You have routines, too. It may be exercise, food choices, weekly schedules, the order you get ready in the morning. Routines give structure to what can often become a chaotic world.
Routines are good. They help us prepare for what comes next, because we know our routine. After completing Task A, our routine says it’s time to move to Task B. It’s simple.
Until a routine becomes a rut. What used to be simple and natural, now feels forced and rough.
Honestly, I think routines and ruts are both very natural, but I do not think they are both beneficial. Ruts mean the time to change has already passed; change now becomes necessary.
I have no secret weapon today, but let me challenge you to do something: take a sheet of paper (or open a note on your phone) and write down 4 things: first write down three routines you have; then write down one rut you find yourself trying to navigate.
Now, you’ve identified a rut. What do you need to do to get out of it? Who can help? What do you need to give up?
Bronte ISD (in the community where I serve), held commencement services on May 18, 2018. As usual, that marked the end of school and beginning of summer.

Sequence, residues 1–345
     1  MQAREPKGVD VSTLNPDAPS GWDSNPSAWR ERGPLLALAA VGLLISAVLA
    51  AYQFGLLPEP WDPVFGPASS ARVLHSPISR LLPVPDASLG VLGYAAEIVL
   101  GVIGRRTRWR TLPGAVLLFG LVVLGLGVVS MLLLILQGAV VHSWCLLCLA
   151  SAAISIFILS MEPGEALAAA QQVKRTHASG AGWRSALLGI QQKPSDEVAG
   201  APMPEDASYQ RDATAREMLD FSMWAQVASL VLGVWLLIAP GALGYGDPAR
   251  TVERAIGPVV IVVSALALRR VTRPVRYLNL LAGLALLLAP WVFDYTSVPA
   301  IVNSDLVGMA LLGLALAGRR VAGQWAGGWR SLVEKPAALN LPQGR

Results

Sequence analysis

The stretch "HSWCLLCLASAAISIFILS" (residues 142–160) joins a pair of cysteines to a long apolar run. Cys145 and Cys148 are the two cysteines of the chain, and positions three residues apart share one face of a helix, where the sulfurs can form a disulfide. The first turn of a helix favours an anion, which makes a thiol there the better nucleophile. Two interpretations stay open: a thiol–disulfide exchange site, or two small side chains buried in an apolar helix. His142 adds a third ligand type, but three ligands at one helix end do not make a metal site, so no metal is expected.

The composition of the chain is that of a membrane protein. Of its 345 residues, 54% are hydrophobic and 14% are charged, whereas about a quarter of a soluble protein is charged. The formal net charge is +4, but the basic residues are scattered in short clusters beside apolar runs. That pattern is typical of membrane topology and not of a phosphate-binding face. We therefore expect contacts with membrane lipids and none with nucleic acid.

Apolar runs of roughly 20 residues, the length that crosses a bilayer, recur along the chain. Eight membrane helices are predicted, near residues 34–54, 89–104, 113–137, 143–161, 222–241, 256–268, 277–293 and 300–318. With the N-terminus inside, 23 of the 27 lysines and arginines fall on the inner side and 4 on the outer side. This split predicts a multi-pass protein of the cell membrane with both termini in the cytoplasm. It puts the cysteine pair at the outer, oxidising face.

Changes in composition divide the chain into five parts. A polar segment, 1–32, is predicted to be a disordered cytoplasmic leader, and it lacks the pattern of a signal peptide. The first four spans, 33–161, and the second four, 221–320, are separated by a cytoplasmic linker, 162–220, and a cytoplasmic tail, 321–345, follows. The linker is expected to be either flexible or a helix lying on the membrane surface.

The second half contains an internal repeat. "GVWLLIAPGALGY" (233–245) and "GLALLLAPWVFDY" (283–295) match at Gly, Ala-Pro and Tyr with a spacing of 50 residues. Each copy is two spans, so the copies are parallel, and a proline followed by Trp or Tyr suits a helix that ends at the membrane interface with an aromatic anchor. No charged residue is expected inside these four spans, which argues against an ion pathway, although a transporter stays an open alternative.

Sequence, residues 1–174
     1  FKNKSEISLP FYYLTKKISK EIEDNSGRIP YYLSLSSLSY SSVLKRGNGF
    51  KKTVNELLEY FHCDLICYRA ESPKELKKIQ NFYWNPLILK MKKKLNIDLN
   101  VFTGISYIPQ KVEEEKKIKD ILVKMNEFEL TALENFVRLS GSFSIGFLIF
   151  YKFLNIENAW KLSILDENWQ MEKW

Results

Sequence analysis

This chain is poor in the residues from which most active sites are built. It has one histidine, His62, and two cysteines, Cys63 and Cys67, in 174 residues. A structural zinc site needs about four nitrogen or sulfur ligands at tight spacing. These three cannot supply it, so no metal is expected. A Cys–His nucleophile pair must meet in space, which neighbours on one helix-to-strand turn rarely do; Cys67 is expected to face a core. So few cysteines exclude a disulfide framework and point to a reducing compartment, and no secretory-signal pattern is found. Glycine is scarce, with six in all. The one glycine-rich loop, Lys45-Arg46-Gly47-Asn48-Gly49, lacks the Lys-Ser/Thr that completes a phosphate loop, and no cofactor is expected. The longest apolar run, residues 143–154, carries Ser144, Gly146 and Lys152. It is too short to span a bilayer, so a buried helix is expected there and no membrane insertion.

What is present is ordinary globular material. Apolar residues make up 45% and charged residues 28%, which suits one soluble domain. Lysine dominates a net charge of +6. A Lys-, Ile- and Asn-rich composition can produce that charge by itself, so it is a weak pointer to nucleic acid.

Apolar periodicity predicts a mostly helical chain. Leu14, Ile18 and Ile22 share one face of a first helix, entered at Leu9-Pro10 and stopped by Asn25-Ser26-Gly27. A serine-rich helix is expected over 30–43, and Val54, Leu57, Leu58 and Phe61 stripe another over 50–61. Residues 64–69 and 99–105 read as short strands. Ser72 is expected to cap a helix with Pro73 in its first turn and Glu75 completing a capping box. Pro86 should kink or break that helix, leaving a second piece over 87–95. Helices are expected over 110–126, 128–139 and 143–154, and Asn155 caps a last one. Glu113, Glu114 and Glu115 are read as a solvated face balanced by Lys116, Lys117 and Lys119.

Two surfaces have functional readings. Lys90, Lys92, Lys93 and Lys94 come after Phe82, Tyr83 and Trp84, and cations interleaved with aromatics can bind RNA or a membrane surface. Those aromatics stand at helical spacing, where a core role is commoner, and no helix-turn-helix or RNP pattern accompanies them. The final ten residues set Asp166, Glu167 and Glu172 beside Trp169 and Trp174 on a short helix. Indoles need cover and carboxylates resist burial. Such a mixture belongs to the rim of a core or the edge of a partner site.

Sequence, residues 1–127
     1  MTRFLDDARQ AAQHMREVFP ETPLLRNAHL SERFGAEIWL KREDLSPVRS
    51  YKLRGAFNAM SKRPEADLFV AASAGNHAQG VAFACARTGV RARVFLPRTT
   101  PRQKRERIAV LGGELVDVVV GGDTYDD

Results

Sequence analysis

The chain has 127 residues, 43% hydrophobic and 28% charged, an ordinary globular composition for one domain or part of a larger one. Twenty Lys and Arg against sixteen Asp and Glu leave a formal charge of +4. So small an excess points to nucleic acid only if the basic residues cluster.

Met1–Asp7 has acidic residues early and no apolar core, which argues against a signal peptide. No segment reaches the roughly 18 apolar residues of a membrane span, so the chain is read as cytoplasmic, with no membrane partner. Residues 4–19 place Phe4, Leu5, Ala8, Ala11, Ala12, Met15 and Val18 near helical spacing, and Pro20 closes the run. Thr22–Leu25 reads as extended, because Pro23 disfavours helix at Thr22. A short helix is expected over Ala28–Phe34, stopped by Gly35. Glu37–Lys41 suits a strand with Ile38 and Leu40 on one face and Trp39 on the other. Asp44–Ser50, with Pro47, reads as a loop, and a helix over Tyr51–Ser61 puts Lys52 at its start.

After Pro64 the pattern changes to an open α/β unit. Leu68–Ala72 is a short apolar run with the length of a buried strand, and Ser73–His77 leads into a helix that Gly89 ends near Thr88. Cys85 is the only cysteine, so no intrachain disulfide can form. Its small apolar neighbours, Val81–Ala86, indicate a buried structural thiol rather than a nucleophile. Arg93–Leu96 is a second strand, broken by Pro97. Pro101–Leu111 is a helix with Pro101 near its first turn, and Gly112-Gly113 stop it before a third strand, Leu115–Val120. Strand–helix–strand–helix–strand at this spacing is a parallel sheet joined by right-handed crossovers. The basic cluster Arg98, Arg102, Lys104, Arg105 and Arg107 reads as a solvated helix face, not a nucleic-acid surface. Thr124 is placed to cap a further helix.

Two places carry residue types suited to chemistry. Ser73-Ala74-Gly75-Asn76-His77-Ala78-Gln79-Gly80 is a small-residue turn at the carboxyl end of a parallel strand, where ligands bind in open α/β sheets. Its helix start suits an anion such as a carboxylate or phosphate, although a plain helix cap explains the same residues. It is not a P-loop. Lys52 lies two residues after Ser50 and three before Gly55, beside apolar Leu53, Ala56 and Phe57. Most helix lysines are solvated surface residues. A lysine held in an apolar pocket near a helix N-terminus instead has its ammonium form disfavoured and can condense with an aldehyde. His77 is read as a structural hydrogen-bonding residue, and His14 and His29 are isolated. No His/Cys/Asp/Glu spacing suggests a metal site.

Pending unknown and unforeseen circumstances, this will be the first week since graduation I have not packed a suitcase. Not every trip has been a church trip, however.
When I planned my summer I knew it was going to be busy with church activities. One thing I did not plan, however, was the way our family trips would fill in the other weeks.
Thinking back over the past few months, our family schedule has been a little crazier than normal. So, knowing that, as we went into summer, we wanted to be able to have some intense quality time with our girls (who have had a busy summer as well!).
Navigating pace is a challenge, and something I do not have figured out fully. One thing I do know, however, is we have had to be intentional with our family time this summer.
Here’s our leadership principle for today: when the pace speeds up, find ways to slow down.
For some people, that means saying no at the front. Other people can find the times to slow down in the midst of the chaos. The days we are home this summer, we get done what needs to get done and hit the brakes hard, enjoying a different speed for a moment.
Slowing down for you may mean unplugging from your phone. Or maybe finding time to pursue a hobby (I built a stool last Friday). Maybe it’s getting caught up in a good book, or journaling. It may mean some great family time watching a movie or taking a mini-trip of some sort.
If you want to survive in leadership, and in life, do not let yourself become a victim of the pace you set. Find ways to slow down when you need to slow down, and see what rest can do.